However, growing competition from railroads could pose a threat to the pipe industry. “We do see railroads increasing their share of transporting oil,” Johnson said, adding that rail, while still an “expensive option,” poses fewer right-of-way issues.

Environmental opposition also has slowed work on such pipelines as Calgary, Alberta-based TransCanada Corp.’s Keystone XL, for which Welspun is supplying some product. “Our government gets in the way of making pipe and distributing pipe,” Johnson said.

Welspun Tubular LLC, a division of Mumbai, India-based Welspun Corp. Ltd., is in the process of ramping up its electric-resistance welded (ERW) steel pipe mill in Little Rock, Ark.

The number of drill rigs running in the United States totaled 1,758 in the week ended April 19, down 10.9 percent from 1,972 rigs a year earlier, according to Houston-based oilfield services firm Baker Hughes Inc. The number of rigs drilling for oil was up 2.5 percent to 1,371 from 1,337 in the same comparison--accounting for 78 percent of all drilling activity vs. 67.8 percent a year earlier--while rigs directed toward natural gas were down 39.9 percent to 379 from 631.

The weekly average crude oil spot prices were 8.9 percent lower than at the same point last year, while natural gas spot prices doubled in the same comparison.

While demand for OCTG could pick up, prices for most products continued to slide throughout the first quarter as imports, especially from South Korea, shot up. “As long as those continue to come in as they are and without some fundamental change in demand, prices will continue to remain low,” Lupori-Gray said.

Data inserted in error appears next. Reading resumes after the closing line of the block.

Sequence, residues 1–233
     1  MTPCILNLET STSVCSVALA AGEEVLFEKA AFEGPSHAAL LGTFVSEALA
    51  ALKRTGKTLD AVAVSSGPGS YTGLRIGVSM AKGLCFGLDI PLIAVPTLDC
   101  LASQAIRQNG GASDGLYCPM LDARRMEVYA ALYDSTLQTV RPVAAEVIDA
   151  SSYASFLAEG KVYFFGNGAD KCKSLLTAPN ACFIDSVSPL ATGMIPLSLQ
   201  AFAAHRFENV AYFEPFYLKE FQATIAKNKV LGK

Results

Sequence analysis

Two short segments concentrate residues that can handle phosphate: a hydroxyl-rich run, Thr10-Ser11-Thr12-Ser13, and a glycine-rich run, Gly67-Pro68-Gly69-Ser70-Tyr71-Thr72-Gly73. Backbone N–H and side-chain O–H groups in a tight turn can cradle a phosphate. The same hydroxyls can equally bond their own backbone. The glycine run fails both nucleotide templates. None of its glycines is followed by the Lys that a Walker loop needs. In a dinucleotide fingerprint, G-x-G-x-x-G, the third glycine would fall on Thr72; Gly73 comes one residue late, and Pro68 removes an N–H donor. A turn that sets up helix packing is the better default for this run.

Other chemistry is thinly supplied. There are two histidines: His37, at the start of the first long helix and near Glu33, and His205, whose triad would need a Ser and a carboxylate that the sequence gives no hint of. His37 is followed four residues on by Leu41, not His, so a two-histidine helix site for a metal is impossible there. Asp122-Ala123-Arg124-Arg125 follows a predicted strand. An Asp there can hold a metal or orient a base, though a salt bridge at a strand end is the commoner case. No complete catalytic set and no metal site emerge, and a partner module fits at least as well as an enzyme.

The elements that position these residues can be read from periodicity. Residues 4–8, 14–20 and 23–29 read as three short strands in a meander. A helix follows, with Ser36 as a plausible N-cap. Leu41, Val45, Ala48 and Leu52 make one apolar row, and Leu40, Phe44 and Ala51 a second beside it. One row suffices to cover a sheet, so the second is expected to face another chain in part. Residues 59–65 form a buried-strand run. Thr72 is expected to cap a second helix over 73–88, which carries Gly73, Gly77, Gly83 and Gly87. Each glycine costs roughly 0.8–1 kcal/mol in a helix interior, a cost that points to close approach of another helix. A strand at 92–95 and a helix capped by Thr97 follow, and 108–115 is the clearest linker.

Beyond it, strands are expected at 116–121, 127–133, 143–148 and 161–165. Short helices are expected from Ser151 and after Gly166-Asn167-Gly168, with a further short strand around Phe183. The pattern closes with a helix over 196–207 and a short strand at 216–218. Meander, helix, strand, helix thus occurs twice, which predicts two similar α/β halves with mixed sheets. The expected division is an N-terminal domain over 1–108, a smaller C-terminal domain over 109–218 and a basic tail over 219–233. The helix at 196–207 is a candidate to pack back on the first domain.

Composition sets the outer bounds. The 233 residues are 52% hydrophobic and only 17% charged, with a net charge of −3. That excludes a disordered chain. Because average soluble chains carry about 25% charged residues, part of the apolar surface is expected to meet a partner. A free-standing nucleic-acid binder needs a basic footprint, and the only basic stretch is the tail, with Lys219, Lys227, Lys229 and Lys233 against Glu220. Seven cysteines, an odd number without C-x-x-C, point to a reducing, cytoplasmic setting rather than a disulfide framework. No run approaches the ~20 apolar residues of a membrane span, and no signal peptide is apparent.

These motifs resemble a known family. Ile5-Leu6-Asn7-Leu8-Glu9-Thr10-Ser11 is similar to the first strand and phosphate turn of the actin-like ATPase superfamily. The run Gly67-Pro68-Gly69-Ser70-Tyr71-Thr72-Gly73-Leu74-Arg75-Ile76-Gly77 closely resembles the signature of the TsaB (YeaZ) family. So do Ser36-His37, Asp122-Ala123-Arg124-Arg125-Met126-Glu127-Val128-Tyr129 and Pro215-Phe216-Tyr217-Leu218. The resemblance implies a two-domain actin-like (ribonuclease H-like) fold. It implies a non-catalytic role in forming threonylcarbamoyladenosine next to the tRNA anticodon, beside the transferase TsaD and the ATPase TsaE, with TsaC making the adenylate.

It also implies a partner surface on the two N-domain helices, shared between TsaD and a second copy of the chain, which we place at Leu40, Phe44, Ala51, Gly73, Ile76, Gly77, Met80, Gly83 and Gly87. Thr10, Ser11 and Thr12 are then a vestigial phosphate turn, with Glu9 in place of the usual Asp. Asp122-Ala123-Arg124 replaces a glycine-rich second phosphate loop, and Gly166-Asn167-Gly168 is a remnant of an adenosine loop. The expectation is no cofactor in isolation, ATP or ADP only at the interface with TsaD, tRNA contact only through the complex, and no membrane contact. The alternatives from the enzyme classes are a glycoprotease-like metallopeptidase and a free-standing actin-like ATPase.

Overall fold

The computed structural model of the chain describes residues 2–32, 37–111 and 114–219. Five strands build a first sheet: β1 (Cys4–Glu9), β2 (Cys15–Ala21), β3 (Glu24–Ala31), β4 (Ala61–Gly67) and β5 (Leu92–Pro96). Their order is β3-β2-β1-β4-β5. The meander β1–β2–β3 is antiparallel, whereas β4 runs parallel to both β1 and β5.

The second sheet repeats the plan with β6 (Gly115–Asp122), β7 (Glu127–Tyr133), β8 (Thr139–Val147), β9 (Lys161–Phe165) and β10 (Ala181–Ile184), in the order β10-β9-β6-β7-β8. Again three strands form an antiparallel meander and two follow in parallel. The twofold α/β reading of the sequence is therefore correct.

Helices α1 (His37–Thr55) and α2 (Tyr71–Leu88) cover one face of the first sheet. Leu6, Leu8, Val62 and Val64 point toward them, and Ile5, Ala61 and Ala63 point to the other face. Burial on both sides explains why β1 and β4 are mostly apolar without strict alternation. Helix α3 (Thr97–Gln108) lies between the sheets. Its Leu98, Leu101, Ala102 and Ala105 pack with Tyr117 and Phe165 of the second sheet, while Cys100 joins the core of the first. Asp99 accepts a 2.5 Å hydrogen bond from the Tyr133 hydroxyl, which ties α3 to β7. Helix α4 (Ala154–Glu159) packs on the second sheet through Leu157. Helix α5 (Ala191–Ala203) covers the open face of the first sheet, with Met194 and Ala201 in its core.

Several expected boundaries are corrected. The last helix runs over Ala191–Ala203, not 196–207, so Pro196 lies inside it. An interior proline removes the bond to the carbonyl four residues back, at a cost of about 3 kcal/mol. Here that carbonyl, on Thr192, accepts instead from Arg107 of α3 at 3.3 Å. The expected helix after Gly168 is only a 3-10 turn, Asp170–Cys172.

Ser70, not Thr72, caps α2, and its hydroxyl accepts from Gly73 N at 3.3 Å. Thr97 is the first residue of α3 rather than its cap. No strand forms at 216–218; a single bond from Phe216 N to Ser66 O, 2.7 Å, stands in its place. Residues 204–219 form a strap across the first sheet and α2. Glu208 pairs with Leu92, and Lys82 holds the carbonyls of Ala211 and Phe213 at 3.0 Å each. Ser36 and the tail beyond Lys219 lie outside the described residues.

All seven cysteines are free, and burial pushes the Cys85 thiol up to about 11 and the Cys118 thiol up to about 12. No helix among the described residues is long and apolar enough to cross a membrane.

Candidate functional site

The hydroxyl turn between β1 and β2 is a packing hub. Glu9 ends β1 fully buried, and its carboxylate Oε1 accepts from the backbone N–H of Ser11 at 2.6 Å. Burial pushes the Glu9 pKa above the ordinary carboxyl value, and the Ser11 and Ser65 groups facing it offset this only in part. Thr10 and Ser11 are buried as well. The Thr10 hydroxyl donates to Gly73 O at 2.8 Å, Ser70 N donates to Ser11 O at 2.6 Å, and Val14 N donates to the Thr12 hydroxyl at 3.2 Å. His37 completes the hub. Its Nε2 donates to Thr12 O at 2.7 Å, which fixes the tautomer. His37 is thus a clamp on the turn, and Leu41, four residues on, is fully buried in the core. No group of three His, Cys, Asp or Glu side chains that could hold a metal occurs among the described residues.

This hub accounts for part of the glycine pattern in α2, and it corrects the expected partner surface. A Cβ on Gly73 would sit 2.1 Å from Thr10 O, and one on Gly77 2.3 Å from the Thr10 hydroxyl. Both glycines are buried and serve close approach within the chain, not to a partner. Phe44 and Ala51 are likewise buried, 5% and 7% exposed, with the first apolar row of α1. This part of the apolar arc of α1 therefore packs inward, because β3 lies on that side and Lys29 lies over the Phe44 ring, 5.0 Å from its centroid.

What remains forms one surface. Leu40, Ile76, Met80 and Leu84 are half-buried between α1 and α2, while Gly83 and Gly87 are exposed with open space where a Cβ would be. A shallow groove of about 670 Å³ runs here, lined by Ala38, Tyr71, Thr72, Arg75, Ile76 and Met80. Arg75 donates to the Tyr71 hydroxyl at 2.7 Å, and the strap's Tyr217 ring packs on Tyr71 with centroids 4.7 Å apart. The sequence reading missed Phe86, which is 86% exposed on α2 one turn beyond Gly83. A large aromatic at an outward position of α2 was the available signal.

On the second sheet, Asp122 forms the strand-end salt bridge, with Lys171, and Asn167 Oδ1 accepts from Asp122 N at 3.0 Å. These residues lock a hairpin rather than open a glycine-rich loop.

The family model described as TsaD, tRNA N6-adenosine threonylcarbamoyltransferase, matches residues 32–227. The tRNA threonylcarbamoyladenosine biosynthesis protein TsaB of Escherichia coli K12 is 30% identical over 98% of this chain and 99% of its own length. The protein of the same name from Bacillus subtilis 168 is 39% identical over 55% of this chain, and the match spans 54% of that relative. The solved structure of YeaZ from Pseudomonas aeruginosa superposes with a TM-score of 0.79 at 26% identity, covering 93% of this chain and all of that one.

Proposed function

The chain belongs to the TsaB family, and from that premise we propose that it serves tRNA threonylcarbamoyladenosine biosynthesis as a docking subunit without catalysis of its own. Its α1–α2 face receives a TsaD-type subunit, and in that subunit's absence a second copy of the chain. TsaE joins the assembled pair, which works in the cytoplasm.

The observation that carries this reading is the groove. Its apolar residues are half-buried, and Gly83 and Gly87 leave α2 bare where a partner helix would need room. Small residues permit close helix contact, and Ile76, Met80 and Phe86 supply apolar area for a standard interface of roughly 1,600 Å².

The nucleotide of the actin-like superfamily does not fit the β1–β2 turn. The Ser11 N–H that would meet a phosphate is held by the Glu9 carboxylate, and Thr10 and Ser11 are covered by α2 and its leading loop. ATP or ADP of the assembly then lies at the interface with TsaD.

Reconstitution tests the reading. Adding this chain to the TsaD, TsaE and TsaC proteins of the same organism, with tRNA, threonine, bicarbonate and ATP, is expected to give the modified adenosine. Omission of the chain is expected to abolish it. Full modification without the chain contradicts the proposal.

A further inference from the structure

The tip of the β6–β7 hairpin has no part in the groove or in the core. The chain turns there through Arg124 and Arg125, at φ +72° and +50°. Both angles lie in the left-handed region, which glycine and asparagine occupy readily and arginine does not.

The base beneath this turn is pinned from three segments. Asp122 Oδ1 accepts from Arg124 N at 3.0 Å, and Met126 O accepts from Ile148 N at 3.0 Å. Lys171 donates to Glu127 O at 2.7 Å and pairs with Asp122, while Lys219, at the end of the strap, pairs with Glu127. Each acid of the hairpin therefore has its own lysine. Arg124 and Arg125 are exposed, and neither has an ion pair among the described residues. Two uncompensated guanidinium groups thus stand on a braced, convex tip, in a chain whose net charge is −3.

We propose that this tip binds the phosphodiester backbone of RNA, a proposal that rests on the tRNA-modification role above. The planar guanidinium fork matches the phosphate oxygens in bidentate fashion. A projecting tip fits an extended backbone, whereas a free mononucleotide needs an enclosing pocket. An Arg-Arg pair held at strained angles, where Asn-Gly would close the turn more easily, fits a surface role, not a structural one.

Average distributor selling prices for all OCTG products fell to $1,686 per short ton in March, down 0.9 percent from $1,702 in February and 2 percent below $1,720 in January, according to Tulsa, Okla.-based Pipe Logix Inc., the 12th consecutive monthly drop. Average welded OCTG prices fell 1.3 percent to $1,554 per ton in March from $1,574 in February, while average seamless prices fell 0.7 percent to $1,818 per ton from $1,830 in the same comparison.

Some sources remain adamant that a trade case against Korean producers of welded OCTG products is looming.

“The Koreans are just sure they’re going to get slammed with an anti-dumping suit. The U.S. mills are calling everybody, saying they’re definitely going to do this. They’re not even hiding it,” the trader said, adding that it likely was the reason for soaring imports from the Asian country in January. “They’re trying to load up in advance of these looming dumping suits. They know it’s going to happen.”

Lupori-Gray expressed caution, however, saying there was “no clear direction” for a case, which has been subject of industry discussion for years.

Shipments of OCTG from South Korea totaled a record 107,790 tons in January but fell to 62,434 tons in February, bucking market speculation that imports from Korea would increase as producers try to land material before the possible filing of a trade case.